A lot of unexpected things have turned up in the Baltimore Harbor, but it’s not every day a dolphin turns up along the urban waterfront.
A Harbor Point employee sent a photo of a dolphin just off its campus to the folks who run Mr. Trash Wheel, the city’s solar-powered trash interceptor. The photo, shared on Facebook, is getting a lot of attention.
The National Aquarium in Baltimore is keeping an eye on the situation, but has had no other reports about this dolphin yet, says Kate Shaffer, stranding response and triage manager.
DolphinWatch, the citizen science dolphin research program run by the University of Maryland Center for Environmental Science (UMCES) is aware of the report and photo. Project Coordinator Jamie Testa tells Bay Bulletin that dolphin sightings in the Patapsco River have become increasingly more common over the past two years.
Testa says, “Several have been downriver from the tunnel and/or in creeks to the south like Stoney Creek and Rock Creek and most of the sightings were from July.”
Indeed, DolphinWatch told us earlier this summer that there were more dolphins being spotted further north than usual in 2022 and the first part of 2023.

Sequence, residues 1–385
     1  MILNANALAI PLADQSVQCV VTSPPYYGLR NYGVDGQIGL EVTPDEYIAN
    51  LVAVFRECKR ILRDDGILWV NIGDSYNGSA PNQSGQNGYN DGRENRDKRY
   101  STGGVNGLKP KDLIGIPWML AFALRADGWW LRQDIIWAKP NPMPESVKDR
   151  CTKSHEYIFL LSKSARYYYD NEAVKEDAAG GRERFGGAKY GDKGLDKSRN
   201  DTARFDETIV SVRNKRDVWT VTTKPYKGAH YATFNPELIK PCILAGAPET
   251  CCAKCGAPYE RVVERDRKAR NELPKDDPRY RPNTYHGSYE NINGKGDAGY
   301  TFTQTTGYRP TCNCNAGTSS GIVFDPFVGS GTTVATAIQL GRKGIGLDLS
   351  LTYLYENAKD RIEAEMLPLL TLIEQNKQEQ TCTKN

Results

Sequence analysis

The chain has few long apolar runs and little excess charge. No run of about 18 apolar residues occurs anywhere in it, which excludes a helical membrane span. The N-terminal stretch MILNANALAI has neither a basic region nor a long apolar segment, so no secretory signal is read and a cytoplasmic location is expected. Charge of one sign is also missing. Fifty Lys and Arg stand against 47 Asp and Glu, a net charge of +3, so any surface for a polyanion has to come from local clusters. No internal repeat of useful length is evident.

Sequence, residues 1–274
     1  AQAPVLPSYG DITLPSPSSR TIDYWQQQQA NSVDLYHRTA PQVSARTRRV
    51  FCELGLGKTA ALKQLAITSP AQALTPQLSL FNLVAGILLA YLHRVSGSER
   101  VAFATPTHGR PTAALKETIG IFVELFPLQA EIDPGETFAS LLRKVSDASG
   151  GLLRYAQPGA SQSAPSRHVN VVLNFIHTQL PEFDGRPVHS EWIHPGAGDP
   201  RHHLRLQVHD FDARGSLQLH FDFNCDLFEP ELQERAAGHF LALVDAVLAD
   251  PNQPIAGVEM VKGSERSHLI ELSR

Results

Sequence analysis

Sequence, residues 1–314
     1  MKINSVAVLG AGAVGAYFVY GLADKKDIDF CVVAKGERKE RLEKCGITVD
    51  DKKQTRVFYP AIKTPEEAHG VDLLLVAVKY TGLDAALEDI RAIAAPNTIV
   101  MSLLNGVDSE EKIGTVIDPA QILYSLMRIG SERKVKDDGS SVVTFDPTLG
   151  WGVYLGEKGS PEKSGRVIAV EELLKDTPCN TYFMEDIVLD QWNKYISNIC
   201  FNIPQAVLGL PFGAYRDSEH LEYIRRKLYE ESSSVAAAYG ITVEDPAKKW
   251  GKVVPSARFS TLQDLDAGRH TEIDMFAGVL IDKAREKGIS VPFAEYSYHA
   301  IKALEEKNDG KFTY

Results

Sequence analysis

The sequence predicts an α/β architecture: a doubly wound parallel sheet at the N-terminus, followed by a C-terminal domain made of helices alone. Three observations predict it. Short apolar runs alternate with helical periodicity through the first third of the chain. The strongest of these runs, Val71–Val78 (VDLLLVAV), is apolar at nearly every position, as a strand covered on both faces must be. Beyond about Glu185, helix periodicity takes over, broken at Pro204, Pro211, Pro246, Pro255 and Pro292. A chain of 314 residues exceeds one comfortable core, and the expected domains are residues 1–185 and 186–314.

We asked both Testa and Shaffer whether it’s possible the dolphin could have wandered up to the Inner Harbor as a result of Tropical Storm Ophelia, which brought gusty winds, inches of rain and storm surge to the Chesapeake region.
(Last week we reported on flamingos that wandered far afield of their southern habitat in the wake of Hurricane Idalia. A pair was even found in the Potomac rivershed in Pennsylvania!)
As for the dolphin sighting, Shaffer says, “It is possible that increased water levels could allow animals to access areas they would otherwise not be able to access.”
Testa says dolphins tend to generally “do OK during storms”, so the storm may have been only one of several contributing factors.
It’s not the only dolphin sighting at the Baltimore Harbor in the past few years. You may remember in 2019 that a couple of Port of Baltimore employees captured video of a dolphin calf in Canton. That turned out to be a young Risso’s dolphin, an unexpected visitor to the harbor. According to the National Aquarium, Risso’s dolphins, also called gray dolphins, prefer deeper offshore waters.
When it comes to stranded dolphins, the Aquarium advises, “Please report new sightings to the Aquarium’s stranding hotline at 410-576-3880.” Their experts remind people to stay at least 150 feet away from marine mammals, including when in boats, paddleboards and kayaks.
-Meg Walburn Viviano